Helping you incorporate music and sound effects into your Star Wars RPG
Episode 0 – Starting at the very beginning, a very good place to start.
Hi Gamer Nation! Hope you’re having a good day today. Now why would adding music to your games be daunting to many GMs out there? Well, at the time this article is being written, there are around 163 music tracks from the movies alone, nearly 12 1/2 hours of music! Plus there’s still music from the TV shows, video games, and another 4 Star Wars films that we know of! In short, trying to find tracks that are good for your current encounter is a huge task. Especially when one of your players is asking if they can mount and tame that rancor… while they carry the princess they just rescued… and a gatling gun.
So we’ll start at the very beginning, a very good place to start.
What you need:
You need a device that either can download music or stream music from it, like your phone, tablet, or computer that you’re probably already using for your game. (I know that’s super obvious but I like being thorough so bear with me.)
You need access to Star Wars music, again super obvious but you have to figure out your budget. If your budget is zero dollars I recommend Spotify as that was what I used until I bought CDs, and you can get access to nearly all the albums with a free account. The only problem with these types of streaming services is:
- They don’t allow you to trim the tracks which is super helpful to do
- Most don’t let you download the music so it can be used offline, so if your internet is spotty or at a place with no internet you’re sunk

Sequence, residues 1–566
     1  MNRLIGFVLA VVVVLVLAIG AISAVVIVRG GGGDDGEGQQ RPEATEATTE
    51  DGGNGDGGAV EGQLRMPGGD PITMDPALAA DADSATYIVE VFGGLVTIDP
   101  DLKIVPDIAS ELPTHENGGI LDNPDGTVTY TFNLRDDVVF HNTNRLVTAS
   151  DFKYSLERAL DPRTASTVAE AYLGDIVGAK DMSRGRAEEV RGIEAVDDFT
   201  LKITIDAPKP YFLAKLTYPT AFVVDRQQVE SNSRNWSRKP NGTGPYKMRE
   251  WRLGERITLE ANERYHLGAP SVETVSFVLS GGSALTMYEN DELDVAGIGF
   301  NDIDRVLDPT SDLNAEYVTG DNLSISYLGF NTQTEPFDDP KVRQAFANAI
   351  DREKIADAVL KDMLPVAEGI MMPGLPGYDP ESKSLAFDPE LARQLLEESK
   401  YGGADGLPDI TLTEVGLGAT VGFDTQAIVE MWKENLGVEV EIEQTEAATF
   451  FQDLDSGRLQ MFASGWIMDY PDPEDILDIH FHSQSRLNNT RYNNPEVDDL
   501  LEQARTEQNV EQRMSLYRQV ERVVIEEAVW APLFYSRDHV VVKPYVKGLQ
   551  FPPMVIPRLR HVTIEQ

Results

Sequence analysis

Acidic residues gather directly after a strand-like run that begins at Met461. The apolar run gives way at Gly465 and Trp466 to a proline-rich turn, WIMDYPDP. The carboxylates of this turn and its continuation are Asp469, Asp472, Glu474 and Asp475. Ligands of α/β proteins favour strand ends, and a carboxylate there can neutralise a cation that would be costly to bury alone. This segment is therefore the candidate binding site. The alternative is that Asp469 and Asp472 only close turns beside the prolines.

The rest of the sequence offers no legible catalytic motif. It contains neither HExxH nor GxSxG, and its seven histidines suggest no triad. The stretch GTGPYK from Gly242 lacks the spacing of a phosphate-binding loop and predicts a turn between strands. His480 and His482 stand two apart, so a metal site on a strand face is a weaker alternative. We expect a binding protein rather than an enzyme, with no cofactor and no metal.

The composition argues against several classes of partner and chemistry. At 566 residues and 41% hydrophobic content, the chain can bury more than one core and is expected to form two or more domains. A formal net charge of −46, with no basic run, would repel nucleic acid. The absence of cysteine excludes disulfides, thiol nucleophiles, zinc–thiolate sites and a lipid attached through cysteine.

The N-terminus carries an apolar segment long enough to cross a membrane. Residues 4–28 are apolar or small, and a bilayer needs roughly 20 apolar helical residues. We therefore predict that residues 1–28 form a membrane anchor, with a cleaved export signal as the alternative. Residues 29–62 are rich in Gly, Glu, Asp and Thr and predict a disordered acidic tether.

- Even if you get a premium account and download the tracks, they can randomly say that in order to play this album you have to be online. (Not like this happened to me recently and I’m extremely bitter about it…)
If you have enough money to buy one CD then listen to them all using the aforementioned streaming services, or wait till my next article gets published, one of those options comes with witty writing and I’m sure you don’t want to miss out on that… right?…
Or you could be the sort of person, with either lots of disposable income or really bad money management skills, that has bought the entire collection and if so well done! You are completely set for any type of scene or encounter you could come up with. (Even if you dumped boku bucks on Amazon to to so… what we do for our love of the game & our PCs…)
You need a speaker, a good speaker if possible. While you could get away with using your laptop with the speakers facing you or sticking your phone into a cardboard toilet roll that you life hacked into a “speaker,” I believe that even a $10 speaker is a better option than either than those other two.
Once you get comfortable setting up, planning out, and playing your music I suggest splurging and get a Bluetooth enabled speaker so your phone has more freedom of movement, because the less wires I have to move to get to the rule book the better.
What you need to do:
Listen to the albums. Now that you have access to the music, the next logical step is to listen to the music. If you don’t have the time the albums are usually laid out in sequence with the scenes in the movies. So if you can remember how the movies go, and if you’re like me you have watched them countless times, you’ll be able to do a good job at selecting what tracks to play.